Current challenges faced by large vision-language models (VLMs) include limitations in the capabilities of individual visual components and issues arising from excessively long visual tokens. These challenges pose constraints on the model’s ability to accurately interpret complex visual information and lengthy contextual details. Recognizing the importance of overcoming these hurdles for improved performance and versatility, this paper introduces a novel approach!
The proposed solution involves leveraging ensemble expert techniques to synergize the strengths of individual visual encoders, encompassing skills in image-text matching, OCR, and image segmentation, among others. This methodology incorporates a fusion network to harmonize the processing of outputs from diverse visual experts, effectively bridging the gap between image encoders and pre-trained language models (LLMs).
Numerous researchers have highlighted deficiencies in the CLIP encoder, citing challenges such as its inability to reliably capture basic spatial factors in images and its susceptibility to object hallucination. Given the diverse capabilities and limitations of various vision models, a pivotal question arises: How can one harness the strengths of multiple visual experts to synergistically enhance overall performance?
Inspired by biological systems, the approach taken here adopts a poly-visual-expert perspective, akin to the operation of the vertebrate visual system. In the pursuit of developing Vision-Language Models (VLMs) with poly-visual experts, three primary concerns come to the forefront:
- The effectiveness of poly-visual experts,
- Optimal integration of multiple experts and
- Prevention of exceeding the maximum length of Language Models (LLMs) with multiple visual experts.
A candidate pool comprising six renowned experts, including CLIP, DINOv2, LayoutLMv3, Convnext, SAM, and MAE, was constructed to assess the effectiveness of multiple visual experts in VLMs. Employing LLaVA-1.5 as the base setup, single-expert, double-expert, and triple-expert combinations were explored across eleven benchmarks. The results, as depicted in Figure 1, demonstrate that with an increasing number of visual experts, VLMs gain richer visual information (attributed to more visual channels), leading to an overall improvement in the upper limit of multimodal capability across various benchmarks.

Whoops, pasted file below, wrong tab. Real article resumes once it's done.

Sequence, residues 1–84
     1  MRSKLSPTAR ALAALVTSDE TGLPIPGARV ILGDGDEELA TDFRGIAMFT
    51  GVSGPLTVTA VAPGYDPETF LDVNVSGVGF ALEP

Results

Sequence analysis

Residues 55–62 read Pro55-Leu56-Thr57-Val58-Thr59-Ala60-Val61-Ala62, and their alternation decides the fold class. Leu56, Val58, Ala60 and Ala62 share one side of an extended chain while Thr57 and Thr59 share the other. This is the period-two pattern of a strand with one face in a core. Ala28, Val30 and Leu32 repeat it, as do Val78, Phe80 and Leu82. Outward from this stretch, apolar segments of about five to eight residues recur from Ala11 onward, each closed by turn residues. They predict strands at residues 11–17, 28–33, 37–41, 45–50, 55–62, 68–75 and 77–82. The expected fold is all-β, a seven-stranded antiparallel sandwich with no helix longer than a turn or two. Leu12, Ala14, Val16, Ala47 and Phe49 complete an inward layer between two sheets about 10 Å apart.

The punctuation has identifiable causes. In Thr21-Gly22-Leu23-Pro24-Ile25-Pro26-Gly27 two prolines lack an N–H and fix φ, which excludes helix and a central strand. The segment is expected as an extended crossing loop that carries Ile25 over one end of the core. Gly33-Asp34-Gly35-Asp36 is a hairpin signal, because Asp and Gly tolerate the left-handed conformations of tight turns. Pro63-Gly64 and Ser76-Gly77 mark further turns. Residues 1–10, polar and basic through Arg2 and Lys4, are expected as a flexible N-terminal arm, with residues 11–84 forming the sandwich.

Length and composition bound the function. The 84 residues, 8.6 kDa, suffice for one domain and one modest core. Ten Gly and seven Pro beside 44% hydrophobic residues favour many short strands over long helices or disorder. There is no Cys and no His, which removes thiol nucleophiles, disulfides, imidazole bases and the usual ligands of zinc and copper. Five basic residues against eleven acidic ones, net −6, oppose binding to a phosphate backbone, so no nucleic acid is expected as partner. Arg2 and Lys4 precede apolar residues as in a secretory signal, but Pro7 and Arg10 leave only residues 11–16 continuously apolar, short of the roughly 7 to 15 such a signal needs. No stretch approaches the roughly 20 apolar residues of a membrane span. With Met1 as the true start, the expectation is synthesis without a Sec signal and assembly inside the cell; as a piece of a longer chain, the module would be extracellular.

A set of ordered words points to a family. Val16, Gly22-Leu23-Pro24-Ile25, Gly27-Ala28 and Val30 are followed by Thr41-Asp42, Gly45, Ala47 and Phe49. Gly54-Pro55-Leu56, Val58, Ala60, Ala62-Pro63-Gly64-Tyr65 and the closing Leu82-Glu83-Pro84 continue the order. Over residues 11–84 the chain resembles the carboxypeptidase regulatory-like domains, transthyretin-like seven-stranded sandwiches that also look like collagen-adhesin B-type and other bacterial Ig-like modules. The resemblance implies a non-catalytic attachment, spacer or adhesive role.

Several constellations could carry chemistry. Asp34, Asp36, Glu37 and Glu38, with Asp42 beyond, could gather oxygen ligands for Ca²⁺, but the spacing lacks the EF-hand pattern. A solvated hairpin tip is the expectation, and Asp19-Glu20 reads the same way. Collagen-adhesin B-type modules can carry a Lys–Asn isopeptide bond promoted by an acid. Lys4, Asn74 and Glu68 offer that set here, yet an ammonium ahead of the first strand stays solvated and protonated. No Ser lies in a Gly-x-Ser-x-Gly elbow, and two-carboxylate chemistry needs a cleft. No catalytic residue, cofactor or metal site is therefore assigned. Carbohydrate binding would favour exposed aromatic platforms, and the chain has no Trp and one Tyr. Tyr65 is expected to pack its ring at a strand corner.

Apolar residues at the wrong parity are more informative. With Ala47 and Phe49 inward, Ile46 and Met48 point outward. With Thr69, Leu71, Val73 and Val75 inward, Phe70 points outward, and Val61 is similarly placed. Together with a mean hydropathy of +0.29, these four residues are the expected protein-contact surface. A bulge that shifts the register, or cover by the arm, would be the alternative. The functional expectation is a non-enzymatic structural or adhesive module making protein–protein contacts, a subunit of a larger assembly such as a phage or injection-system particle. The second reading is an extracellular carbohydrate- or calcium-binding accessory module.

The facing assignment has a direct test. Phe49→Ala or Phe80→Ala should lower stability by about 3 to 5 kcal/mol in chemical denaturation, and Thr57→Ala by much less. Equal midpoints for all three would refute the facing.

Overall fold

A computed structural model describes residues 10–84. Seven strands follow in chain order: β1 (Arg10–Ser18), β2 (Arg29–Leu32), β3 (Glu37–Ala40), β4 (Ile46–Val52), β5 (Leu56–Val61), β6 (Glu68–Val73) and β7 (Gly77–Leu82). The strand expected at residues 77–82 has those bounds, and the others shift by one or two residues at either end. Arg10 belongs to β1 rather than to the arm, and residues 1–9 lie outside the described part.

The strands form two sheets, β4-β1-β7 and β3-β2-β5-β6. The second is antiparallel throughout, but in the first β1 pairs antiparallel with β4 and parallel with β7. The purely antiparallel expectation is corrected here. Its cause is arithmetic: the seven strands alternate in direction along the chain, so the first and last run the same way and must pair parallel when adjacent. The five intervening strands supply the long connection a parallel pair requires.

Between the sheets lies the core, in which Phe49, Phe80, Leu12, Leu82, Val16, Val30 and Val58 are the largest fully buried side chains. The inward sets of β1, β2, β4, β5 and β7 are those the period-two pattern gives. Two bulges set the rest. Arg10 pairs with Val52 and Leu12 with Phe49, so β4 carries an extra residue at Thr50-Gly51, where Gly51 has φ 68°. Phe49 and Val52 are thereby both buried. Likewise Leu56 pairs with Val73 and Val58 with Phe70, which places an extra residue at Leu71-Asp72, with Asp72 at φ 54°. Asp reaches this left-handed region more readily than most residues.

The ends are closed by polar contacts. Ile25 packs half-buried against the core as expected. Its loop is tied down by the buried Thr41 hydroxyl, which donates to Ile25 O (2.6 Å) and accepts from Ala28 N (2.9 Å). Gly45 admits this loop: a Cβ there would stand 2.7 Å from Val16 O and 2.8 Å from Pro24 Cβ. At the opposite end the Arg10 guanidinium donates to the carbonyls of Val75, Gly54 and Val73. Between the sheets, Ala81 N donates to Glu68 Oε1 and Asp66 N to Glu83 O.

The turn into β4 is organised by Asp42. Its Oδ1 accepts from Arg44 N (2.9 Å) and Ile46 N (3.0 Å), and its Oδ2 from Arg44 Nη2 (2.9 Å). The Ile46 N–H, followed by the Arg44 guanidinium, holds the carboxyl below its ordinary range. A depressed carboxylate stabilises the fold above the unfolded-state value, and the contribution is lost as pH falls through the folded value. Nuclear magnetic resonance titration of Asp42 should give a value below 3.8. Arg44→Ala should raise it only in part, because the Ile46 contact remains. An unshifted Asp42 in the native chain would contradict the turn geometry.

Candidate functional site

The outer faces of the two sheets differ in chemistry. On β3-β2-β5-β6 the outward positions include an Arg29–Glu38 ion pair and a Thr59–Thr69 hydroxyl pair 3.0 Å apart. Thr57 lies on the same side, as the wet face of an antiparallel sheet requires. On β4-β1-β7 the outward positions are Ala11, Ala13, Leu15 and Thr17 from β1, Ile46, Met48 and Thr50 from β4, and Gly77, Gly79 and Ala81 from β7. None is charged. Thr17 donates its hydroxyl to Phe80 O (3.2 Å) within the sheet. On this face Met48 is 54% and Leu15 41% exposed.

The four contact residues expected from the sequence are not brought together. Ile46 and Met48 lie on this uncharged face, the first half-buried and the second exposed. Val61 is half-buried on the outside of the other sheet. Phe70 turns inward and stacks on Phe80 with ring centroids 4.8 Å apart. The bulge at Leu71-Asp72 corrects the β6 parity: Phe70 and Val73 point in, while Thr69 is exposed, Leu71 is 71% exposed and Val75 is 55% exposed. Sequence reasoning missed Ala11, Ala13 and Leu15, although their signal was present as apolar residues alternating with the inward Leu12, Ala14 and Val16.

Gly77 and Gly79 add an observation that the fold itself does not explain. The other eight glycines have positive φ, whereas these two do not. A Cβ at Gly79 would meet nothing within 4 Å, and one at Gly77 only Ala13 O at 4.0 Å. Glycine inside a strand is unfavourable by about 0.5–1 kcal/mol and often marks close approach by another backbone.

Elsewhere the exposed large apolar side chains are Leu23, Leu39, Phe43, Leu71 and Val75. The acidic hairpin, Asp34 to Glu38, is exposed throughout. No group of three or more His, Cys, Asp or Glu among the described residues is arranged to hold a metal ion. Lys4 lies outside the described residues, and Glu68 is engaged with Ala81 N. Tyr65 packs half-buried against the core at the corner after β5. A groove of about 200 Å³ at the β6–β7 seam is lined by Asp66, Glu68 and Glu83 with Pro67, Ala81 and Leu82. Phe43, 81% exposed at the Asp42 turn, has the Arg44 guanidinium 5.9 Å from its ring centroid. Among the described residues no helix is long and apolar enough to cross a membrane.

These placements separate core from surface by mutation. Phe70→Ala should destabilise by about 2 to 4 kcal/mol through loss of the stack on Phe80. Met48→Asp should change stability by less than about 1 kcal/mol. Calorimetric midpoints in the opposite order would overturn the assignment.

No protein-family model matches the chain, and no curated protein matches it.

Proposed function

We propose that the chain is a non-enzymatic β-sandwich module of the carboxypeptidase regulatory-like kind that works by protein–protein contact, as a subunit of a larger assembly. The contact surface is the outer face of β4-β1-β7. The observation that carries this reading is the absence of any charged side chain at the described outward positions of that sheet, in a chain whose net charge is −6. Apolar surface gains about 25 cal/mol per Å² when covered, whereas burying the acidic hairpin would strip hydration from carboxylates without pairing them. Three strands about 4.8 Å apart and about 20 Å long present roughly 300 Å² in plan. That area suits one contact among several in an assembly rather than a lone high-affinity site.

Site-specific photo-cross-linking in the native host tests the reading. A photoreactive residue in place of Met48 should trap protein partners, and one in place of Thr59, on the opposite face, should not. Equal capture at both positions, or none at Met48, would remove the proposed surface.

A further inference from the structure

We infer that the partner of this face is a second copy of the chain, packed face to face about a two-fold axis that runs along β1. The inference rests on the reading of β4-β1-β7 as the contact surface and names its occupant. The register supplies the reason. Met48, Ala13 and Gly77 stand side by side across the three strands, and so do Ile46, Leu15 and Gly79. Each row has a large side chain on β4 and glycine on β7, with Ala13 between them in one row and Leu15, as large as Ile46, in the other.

Left: Comparing InstructBLIP, Qwen-VL-Chat, and LLaVA-1.5-7B, poly-visual-expert MouSi achieves SoTA on a broad range of nine benchmarks. Right: Performances of the best models with different numbers of experts on nine benchmark datasets. Overall, triple experts are better than double experts, who in turn are better than a single expert.
Furthermore, the paper explores various positional encoding schemes aimed at mitigating issues associated with lengthy image feature sequences. This addresses concerns related to position overflow and length limitations. For instance, in the implemented technique, there is a substantial reduction in positional occupancy in models like SAM, from 4096 to a more efficient and manageable 64 or even down to 1.
Experimental results showcased the consistently superior performance of VLMs employing multiple experts compared to isolated visual encoders. The integration of additional experts marked a significant performance boost, highlighting the effectiveness of this approach in enhancing the capabilities of vision-language models. They have illustrated that the polyvisual approach significantly elevates the performance of Vision-Language Models (VLMs), surpassing the accuracy and depth of understanding achieved by existing models.
The demonstrated results align with the hypothesis that a cohesive assembly of expert encoders can indeed bring about a substantial enhancement in the capability of VLMs to handle intricate multimodal inputs. To wrap it up, the research shows that using different visual experts makes Vision-Language Models (VLMs) work better. It helps the models understand complex information more effectively. This not only fixes current issues but also makes VLMs stronger. In the future, this approach could change how we bring together vision and language!
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Janhavi Lande, is an Engineering Physics graduate from IIT Guwahati, class of 2023. She is an upcoming data scientist and has been working in the world of ml/ai research for the past two years. She is most fascinated by this ever changing world and its constant demand of humans to keep up with it. In her pastime she enjoys traveling, reading and writing poems.